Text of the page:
If they’ve got convincing arguments as to why pwMS shouldn’t have access to this information I’m sure they will be comfortable sharing them with us. If they’re not willing to have this conversation with us then I think they need to question themselves and if they are really putting the interests of pwMS first.
        So please offer them a chance to post and explain themselves (perhaps anonymously?). I’d love to see it.

      11. My objection to the ‘shut up and take the drug’ brand of doctor was not borne out of reading this blog.
        I would be interested to hear what their objections to educated patients are but very much doubt they would want to say, and again my thoughts on that are not borne out of reading this blog.

  1. Don’t you think stopping fingolimod in patients with SPMS to make them eligible for the simvastatin trial is unethical based on this patient’s experience?

    1. Yes and no. It depends on who you talk to. Clearly, if you follow NHS England’s guidelines it is fine. However, if you think of the biology of MS and how DMTs work then you could argue that it not ethical. Why should DMTs suddenly stop working when someone moves from EDSS 6.5 to 7.0?

      1. “Why should DMTs suddenly stop working when someone moves from EDSS 6.5 to 7.0?”

        Surely this answers the question. If someone with progressive MS on a DMT continues to progress (up the EDSS) then the DMT isn’t working. I wonder if the effort / resources for this study (Salvage-MS) would be better spent on trials of agents that provide neuro-protection or address smouldering MS. Keeping progressive patients on expensive DMTs which only marginally slow down the speed of disability accumulation doesn’t seem a good use of NHS money. Would you really be happy to be told by a neuro that “you’ll still get progressively more disabled by continuing on the DMT, but it will take a teeny bit longer before you need a cane, wheelchair..”. MS patients deserve so much better than this!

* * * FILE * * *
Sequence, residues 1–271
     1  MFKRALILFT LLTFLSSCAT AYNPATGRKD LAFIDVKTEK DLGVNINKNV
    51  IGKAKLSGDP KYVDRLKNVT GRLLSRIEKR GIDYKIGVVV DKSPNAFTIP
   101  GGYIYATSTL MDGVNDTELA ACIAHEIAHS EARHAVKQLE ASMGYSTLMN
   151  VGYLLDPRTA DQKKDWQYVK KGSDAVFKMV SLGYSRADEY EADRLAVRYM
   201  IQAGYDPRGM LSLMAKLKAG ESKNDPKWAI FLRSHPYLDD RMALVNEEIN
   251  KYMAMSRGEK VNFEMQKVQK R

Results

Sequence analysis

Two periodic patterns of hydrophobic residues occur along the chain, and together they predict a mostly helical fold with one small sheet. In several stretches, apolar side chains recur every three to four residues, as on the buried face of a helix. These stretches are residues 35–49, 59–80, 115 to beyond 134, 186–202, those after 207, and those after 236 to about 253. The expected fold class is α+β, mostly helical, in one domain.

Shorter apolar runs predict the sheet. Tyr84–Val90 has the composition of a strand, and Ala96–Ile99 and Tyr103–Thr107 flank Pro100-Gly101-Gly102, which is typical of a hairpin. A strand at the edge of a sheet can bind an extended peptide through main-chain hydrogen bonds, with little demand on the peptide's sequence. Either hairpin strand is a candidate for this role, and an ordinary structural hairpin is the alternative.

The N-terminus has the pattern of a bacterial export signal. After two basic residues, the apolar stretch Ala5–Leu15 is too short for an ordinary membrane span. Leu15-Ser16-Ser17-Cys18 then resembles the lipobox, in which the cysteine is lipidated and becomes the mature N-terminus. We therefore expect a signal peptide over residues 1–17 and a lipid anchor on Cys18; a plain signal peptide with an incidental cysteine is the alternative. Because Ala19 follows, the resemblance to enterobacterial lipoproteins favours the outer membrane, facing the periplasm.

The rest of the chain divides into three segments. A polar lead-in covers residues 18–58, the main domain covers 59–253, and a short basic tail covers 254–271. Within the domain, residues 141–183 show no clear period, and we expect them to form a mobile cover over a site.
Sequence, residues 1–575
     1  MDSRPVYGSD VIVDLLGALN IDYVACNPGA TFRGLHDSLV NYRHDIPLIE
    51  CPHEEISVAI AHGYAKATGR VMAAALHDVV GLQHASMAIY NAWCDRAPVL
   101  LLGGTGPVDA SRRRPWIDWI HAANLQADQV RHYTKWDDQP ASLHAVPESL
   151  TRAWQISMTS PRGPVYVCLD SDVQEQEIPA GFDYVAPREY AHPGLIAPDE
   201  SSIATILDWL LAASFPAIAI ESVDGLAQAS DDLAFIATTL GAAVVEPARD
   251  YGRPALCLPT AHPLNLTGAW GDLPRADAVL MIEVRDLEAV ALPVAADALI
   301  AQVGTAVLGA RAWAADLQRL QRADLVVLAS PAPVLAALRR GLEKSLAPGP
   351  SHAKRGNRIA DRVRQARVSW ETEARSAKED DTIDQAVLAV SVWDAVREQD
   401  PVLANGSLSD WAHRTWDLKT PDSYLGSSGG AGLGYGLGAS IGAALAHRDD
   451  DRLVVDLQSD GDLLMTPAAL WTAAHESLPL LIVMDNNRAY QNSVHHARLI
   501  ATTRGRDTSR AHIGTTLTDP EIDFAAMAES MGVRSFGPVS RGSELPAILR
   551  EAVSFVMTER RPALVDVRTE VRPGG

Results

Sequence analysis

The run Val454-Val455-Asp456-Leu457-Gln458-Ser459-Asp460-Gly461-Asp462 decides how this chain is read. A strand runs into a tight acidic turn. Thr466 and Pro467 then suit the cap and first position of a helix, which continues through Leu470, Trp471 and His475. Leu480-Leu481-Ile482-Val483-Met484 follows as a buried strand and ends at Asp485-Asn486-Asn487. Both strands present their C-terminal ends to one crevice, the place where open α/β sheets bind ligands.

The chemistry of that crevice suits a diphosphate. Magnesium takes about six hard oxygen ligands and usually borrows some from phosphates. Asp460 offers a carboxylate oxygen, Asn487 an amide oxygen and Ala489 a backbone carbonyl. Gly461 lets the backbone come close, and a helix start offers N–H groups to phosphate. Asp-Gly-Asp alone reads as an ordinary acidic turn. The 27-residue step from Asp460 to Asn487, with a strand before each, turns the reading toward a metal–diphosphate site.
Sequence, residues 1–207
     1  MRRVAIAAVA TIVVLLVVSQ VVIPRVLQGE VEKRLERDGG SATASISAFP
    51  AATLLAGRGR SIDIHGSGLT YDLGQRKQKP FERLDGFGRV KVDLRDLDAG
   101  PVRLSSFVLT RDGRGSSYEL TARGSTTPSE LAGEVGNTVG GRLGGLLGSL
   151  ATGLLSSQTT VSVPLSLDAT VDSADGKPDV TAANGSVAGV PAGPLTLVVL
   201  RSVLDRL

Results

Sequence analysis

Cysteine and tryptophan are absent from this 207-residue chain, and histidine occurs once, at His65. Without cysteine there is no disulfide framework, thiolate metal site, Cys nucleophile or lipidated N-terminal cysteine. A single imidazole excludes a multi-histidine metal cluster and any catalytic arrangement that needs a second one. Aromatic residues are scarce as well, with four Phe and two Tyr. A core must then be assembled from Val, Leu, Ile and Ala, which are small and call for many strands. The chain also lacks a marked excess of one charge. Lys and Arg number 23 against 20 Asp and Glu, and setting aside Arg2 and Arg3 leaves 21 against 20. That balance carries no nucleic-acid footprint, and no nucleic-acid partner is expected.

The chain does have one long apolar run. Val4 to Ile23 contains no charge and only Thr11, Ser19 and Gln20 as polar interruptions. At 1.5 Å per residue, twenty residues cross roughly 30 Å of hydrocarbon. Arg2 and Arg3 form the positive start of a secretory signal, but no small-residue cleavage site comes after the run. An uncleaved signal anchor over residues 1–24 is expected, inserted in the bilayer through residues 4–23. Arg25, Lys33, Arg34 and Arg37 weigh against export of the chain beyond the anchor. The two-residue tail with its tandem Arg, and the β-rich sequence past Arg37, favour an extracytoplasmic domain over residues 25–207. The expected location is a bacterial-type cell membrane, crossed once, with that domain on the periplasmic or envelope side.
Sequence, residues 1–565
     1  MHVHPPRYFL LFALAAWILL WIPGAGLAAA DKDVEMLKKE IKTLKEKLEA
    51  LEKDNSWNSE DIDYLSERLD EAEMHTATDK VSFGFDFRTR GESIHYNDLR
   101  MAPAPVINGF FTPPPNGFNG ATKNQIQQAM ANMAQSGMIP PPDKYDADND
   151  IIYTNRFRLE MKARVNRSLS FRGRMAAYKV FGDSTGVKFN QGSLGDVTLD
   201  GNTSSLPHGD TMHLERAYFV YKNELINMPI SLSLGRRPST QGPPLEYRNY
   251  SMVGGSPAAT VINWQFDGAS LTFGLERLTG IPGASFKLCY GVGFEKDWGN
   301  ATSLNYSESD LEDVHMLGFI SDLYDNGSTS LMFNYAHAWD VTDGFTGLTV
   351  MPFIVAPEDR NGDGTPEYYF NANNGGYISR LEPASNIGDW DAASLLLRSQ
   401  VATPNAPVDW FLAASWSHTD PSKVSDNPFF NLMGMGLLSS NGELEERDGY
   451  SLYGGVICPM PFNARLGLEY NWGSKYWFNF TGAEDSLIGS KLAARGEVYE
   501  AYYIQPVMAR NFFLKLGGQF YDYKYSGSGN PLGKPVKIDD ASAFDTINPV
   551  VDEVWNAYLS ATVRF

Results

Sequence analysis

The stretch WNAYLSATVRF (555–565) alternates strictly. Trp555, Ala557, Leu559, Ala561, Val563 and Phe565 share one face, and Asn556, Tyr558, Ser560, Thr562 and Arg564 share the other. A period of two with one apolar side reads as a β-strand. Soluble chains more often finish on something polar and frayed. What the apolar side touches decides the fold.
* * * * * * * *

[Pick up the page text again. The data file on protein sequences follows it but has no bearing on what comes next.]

How does the proposed trial fit in with MS Society’s Stop MS campaign (£100m campaign) with the aim of:
        “By 2025, we want to be in the final stages of testing treatments for everyone with MS. Treatments that slow or stop disability progression.”?

      2. Sid, you know the theoretical underpinnings of smouldering MS. You can still get worse and the treatment is working. Remove the DMT and the inflammatory activity returns and you progress much quicker. This is why we need a sandwich, with an anti-inflammatory at the base with add-on treatments to target the processes driving smouldering MS.

        Doing studies tackling smouldering MS without an anti-inflammatory at the base are likely to fail. MS-SMART for example was not so smart in my opinion. Let’s hope the OCTOPUS trial design will be different. These concepts are critical for MS-STAT-2; if simvastatin has anti-inflammatory effects the trial is likely to be positive, if not, the study is likely to be negative.

  2. I don’t want a wheelchair either, but that image in your post… It’s not really called for.

    1. From my experience being on a wheelchair isn’t that bad but being unable to get in and out of it or loosing arm is bad
      Photo is desolating

    2. I don’t agree.
      Let’s face it, none of us want to end up in a wheelchair.